My daughter-in-law dropped my grandson off for a visit today. Five-year-old Johnathan was in full Indian mode with a headband and a brand new plastic bow-and-arrow with three rubber-tipped arrows stuck into the band of his shorts. Needless to say, he wanted to shoot something!
At the moment, we’re house-sitting my mother’s 1800’s log home. There are lovely, antique pieces of crockery displayed, none of which are built to withstand the enthusiasm of an energetic little boy.
So I decided it was time to take Johnathan hunting. Outdoors.
Even though Johnathan is as brown as a nut from being outside all summer, I felt he needed war-paint, and he concurred. Before going on our hunt, we raided my lipstick stash and I painted stripes on his cheeks. That necessitated several minutes of preening in front of the bathroom mirror before he left for the hunt. There’s a lot to admire when you’re five.
In my universe, there is nothing quite as sweet as walking down a country road with a little grandson–unless it’s walking down a country road with a little grandson dressed like an Indian–who voluntarily and trustingly slips his hand into mine.
We talked about how he was a great warrior named Red Chief, who had to find food to feed the hungry people of his tribe. We also talked about the fact that he was such a big boy now, he would get to go to Kindergarten tomorrow.
I had intentions of pretend-shooting a couple of pretend deer to take back to our tribe (there’s a herd of beef cattle nearby.) But the wise steers had evidently anticipated the visit of Red Chief and were nowhere to be seen. So we made do with target-practice against the metal door of a friendly church that provided a satisfying landing place for the three suction-cupped tipped arrows.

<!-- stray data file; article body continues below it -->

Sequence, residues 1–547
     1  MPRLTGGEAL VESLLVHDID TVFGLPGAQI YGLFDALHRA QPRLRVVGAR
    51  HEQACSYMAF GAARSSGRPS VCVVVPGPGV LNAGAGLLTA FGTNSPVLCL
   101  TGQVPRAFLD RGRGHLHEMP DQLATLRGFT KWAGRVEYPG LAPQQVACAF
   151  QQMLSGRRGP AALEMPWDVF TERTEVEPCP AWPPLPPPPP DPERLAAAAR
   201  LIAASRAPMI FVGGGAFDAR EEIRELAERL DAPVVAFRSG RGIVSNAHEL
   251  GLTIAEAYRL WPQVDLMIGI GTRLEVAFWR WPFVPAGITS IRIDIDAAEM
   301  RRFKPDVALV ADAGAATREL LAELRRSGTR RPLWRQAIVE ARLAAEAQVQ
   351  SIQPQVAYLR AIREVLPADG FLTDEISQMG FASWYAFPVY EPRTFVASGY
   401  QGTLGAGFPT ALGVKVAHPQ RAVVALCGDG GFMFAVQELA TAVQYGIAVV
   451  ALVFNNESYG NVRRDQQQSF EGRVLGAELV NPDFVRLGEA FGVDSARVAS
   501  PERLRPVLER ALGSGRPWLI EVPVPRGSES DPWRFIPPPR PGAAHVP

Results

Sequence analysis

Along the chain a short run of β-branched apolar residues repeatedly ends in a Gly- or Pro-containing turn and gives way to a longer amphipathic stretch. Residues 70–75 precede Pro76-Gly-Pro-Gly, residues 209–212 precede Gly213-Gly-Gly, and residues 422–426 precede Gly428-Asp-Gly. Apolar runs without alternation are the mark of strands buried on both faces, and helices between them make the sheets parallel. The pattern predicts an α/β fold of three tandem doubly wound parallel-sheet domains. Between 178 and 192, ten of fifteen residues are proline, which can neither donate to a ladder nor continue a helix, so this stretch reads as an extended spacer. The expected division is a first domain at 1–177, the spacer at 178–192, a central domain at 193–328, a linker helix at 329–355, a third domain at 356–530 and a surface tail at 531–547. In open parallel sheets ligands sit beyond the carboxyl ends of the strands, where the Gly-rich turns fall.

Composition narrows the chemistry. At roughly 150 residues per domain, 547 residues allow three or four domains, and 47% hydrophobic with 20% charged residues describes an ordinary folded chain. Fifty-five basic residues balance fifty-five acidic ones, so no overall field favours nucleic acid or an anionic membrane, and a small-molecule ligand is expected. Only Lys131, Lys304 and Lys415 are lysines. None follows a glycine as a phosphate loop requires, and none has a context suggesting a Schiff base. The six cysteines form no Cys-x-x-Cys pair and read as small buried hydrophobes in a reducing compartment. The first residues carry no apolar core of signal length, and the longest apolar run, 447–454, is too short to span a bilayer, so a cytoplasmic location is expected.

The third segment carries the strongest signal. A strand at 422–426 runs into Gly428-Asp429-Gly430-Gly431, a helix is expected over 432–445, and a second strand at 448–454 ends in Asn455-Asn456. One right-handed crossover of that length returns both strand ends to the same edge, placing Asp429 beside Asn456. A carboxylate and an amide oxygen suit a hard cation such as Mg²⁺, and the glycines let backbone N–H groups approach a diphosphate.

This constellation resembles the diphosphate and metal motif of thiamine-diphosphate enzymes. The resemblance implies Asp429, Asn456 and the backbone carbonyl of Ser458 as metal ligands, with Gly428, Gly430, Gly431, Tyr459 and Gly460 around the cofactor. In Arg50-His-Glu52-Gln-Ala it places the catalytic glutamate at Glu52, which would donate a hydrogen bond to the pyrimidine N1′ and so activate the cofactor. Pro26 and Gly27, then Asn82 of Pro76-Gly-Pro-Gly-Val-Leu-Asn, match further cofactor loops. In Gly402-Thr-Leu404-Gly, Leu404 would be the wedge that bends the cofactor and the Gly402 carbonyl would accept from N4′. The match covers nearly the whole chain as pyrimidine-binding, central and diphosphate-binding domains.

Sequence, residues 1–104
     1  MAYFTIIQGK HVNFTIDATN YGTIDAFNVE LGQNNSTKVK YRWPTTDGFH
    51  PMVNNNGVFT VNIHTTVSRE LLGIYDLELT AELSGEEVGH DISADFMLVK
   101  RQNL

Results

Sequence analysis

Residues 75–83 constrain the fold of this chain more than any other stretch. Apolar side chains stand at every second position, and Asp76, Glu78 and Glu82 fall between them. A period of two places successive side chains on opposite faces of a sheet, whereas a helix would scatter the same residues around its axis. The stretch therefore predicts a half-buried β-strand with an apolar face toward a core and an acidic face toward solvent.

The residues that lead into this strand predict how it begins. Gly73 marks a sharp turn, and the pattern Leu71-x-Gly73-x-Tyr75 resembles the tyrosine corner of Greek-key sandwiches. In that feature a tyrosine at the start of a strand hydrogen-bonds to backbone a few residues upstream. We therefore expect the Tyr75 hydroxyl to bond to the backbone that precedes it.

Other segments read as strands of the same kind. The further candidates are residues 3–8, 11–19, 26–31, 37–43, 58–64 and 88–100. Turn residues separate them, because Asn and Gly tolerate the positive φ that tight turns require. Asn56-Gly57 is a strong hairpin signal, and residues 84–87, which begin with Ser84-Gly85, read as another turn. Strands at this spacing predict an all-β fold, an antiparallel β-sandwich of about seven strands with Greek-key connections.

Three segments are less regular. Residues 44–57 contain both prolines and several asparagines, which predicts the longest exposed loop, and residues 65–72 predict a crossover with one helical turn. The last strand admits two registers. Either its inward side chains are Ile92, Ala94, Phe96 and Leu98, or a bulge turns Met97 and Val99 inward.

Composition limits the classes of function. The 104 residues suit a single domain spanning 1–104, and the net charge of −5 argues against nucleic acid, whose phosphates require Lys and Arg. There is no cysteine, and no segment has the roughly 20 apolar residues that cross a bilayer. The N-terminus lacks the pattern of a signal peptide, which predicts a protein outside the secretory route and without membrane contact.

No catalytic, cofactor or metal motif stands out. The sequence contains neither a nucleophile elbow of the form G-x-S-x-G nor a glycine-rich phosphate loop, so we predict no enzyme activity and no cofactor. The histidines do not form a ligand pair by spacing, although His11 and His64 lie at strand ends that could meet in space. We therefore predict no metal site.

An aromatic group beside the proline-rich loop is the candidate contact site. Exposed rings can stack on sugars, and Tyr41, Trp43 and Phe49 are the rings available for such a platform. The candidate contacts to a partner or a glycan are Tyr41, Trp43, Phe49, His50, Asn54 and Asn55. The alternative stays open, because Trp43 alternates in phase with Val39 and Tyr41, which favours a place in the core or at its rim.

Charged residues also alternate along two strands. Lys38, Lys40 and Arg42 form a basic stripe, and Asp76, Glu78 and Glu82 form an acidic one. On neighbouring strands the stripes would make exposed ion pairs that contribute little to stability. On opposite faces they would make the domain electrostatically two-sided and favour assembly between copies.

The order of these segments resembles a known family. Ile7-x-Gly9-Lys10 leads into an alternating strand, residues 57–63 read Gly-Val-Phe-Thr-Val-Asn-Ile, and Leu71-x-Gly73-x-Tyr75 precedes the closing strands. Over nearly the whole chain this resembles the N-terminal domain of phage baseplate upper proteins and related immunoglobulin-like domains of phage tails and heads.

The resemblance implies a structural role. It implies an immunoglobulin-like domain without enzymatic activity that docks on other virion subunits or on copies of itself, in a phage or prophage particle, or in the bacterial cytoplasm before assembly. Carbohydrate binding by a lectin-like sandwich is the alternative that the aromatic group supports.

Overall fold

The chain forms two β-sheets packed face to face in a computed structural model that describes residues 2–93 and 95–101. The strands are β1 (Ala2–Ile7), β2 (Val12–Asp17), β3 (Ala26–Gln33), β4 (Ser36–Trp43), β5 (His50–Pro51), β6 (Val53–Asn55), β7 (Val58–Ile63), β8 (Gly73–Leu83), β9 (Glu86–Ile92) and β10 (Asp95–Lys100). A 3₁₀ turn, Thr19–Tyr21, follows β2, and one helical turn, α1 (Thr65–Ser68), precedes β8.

We both got into trouble when we got home and found his mother waiting. Johnathan had an evaluation meeting with his soon-to-be teacher that I’d forgotten about, and lipstick is not easily removed. After much rubbing with a wet wash cloth, he skipped away to meet his teacher for the first time. His mother said she was going to explain his reddened cheeks by informing the teacher that he’d been playing Indians with his grandmother.
I’ve been accused of worse.
I adore my grandson. I hope his Kindergarten teacher will look past his skinny little arms and legs, his huge grin, his sudden bursts of talking, and his inability to sit still–not to mention his sometimes-too-late realization that he needs to go potty–and see the full potential of his warrior’s heart.
And I hope that when he’s a man, he smiles when he remembers having worn his grandmother’s lipstick as war paint.